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3 tangible ways cities can embrace cycling and get more cars off the road

Bikes are a lifeline in climate emergencies. They also have the power to slow down the climate crisis.

3 tangible ways cities can embrace cycling and get more cars off the road
[Source photo: Milan Jaros/Bloomberg/Getty Images, Attila Adam/iStock/Getty Images Plus]

Last October, I met a Los Angeles resident I’ll call Laura at one of our community rides. When I asked what prompted her recent Brompton purchase, she got a little bashful, but then told me it was a response to watching coverage of the Maui wildfires. Residents in Lahaina were stuck in their cars, bumper to bumper, trying to get out of their homes that were burning to the ground in front of their eyes. She was shocked. Amid the evacuations, facing treacherous conditions and congested roads, she thought that those with access to alternative forms of transportation, like bicycles, had a direct escape route that others did not.

Though Laura had owned a bike while growing up on the East Coast, she gave it to a friend when she moved to Los Angeles, where she was within walking distance of her work. But it was last summer, motivated by fear, that Laura bought her first bike in the years since. She saw something of herself in those fleeing the flames that August day: Wildfires are frequent, unwelcome visitors to Los Angeles and Ventura Counties, and in today’s deteriorating climate, they’re already moving down the coast.

After all, record-breaking forest fires during California’s summer months have become a regular occurrence. Environmental research shows that 10 of the largest California wildfires have occurred in the past 20 years—five of which happened in 2020 alone. And with her bike, Laura wouldn’t be stuck in gridlock with them approaching.

This, Laura feared, is our new normal. She’s not alone: In 2024, cycling has taken on a new meaning—especially for those living in urban communities, one with heightened stakes given the increased frequency of climate-related disasters.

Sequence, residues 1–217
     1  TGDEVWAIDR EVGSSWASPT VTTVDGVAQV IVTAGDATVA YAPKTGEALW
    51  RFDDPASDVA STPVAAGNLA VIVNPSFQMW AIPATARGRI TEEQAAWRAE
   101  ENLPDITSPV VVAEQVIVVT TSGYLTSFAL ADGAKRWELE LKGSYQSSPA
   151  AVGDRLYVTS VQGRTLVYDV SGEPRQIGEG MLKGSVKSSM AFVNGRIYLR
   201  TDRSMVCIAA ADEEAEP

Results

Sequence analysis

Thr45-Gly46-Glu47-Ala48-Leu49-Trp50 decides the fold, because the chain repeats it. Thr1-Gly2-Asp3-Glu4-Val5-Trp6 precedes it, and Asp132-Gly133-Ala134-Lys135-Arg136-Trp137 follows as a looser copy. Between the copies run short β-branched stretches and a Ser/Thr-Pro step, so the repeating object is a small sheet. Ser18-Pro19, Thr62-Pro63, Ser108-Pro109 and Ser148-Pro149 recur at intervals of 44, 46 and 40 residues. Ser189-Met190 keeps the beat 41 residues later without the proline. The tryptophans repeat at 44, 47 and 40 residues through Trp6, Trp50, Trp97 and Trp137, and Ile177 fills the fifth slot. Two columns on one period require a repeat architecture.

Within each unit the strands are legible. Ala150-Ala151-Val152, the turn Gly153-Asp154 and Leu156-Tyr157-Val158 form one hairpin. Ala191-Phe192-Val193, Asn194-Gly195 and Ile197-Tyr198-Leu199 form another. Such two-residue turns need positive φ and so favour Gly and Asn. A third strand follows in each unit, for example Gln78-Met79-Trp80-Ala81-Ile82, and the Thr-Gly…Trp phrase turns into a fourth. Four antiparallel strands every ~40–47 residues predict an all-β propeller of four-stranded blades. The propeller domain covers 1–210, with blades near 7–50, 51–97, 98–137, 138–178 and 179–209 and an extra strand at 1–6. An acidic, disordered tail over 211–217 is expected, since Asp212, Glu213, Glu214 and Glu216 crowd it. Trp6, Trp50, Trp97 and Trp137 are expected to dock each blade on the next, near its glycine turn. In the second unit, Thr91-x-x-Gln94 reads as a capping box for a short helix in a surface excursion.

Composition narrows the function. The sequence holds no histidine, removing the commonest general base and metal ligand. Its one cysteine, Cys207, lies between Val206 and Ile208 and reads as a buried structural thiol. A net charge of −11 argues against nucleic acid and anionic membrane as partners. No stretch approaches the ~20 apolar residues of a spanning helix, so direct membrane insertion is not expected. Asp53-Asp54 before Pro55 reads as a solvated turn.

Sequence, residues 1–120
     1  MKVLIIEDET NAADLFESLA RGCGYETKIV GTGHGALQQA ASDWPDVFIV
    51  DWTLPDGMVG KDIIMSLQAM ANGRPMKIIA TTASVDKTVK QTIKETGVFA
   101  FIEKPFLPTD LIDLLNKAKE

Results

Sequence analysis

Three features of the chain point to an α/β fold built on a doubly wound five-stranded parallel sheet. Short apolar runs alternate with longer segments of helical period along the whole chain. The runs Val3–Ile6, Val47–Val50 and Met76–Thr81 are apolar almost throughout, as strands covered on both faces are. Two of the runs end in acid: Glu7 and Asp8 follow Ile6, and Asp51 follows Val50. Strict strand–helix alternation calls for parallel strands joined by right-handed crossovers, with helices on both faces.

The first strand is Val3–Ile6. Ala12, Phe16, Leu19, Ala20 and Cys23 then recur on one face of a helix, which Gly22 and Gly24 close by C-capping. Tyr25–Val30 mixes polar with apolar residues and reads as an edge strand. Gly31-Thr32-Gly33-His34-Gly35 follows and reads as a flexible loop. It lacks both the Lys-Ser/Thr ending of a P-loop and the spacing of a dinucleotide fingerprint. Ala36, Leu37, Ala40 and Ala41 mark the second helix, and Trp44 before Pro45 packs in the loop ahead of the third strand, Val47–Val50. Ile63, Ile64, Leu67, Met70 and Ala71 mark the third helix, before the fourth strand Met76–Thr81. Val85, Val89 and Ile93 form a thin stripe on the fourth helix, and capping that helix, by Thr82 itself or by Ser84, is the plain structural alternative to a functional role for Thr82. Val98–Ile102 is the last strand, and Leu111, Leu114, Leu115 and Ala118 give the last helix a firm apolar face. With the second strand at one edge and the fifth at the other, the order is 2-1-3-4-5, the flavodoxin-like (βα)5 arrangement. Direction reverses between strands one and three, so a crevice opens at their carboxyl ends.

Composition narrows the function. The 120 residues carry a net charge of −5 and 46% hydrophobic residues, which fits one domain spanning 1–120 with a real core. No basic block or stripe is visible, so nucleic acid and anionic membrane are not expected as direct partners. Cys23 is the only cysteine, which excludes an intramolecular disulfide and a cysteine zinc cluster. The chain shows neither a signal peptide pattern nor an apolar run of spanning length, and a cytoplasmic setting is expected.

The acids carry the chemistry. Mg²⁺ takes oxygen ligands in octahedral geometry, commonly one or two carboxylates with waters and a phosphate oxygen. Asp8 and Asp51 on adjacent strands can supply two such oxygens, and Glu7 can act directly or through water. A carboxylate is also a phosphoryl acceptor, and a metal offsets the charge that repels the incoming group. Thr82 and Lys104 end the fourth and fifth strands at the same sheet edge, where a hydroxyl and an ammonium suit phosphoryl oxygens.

But more than just a tool to escape from disaster, bicycles are also a solution for many macro issues associated with today’s urban lifestyle. On average, cyclists have 84% lower-lifecycle carbon emissions from all daily travel than non-cyclists. Bicycling creates community by promoting social inclusivity and local third-spaces while also reducing air pollution. If bikes have such power, why aren’t we doing everything we can to support them in our cities?

Here’s how cities can harness this enthusiasm to better reflect our planet and its residents. Because when community resilience is strengthened, everyone is better equipped to navigate a crisis.


June Churchill, a member of the Denver Bicycle Lobby, was involved in local advocacy that secured $2 million dollars in city budget amendments for innovative infrastructure, legal changes, programming, e-bike rebates, and other policy actions across the city.

This earned her the honorary title of “2024 Denver Bike Mayor,” a name that has stuck despite her historically casual relationship with city cycling, having grown up in Colorado Springs mostly mountain biking. June isn’t the planet’s only bike mayor: The Bicycle Mayor & Leader Program (BYCS) is a global initiative to accelerate the progress of cycling in cities.

According to BYCS’s 2022 impact report, Bike Mayors in cities from Madrid to Mumbai have organized cycling-centric events for children in their cities, taught residents to ride and repair their own bicycles, offered discounted secondhand bikes to community members in need, and worked with local and national governments to implement bike-friendly city planning programs. With more budgets devoted to cycling infrastructure and education, rider safety will increase as well, ultimately encouraging more citizens to consider biking over other transit options.